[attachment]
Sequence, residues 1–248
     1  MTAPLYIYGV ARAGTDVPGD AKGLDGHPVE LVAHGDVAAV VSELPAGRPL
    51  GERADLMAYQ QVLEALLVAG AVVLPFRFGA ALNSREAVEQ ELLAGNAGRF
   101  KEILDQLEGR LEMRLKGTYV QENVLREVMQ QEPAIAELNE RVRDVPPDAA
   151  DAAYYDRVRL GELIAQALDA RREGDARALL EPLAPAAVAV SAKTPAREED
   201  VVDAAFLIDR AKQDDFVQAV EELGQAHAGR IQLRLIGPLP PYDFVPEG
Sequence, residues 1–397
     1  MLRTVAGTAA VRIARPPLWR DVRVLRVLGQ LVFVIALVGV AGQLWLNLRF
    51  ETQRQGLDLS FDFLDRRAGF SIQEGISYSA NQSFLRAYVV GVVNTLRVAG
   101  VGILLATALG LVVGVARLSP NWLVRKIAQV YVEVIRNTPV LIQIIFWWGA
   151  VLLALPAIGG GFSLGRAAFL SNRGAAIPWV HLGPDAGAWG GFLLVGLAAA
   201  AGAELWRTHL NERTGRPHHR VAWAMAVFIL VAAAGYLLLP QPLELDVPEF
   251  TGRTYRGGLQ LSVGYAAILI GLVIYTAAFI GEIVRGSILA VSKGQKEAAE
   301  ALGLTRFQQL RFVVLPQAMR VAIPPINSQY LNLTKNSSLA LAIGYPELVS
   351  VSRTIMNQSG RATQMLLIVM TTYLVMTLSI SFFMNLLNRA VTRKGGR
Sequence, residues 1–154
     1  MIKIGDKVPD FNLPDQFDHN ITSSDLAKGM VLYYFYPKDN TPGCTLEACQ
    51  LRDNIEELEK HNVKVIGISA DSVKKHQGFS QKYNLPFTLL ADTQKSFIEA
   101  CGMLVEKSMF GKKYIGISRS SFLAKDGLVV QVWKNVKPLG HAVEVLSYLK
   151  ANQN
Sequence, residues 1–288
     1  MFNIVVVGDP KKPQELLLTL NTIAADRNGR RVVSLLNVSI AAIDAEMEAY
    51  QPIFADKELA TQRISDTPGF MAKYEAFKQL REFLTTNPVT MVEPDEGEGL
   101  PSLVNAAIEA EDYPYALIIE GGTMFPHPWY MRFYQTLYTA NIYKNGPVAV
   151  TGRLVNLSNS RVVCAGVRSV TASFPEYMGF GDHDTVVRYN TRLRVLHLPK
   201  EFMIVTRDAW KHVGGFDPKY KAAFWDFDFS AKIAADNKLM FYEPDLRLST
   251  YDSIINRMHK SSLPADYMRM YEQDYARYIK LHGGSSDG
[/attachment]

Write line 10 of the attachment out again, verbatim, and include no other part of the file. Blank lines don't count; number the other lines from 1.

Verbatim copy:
   101  VGILLATALG LVVGVARLSP NWLVRKIAQV YVEVIRNTPV LIQIIFWWGA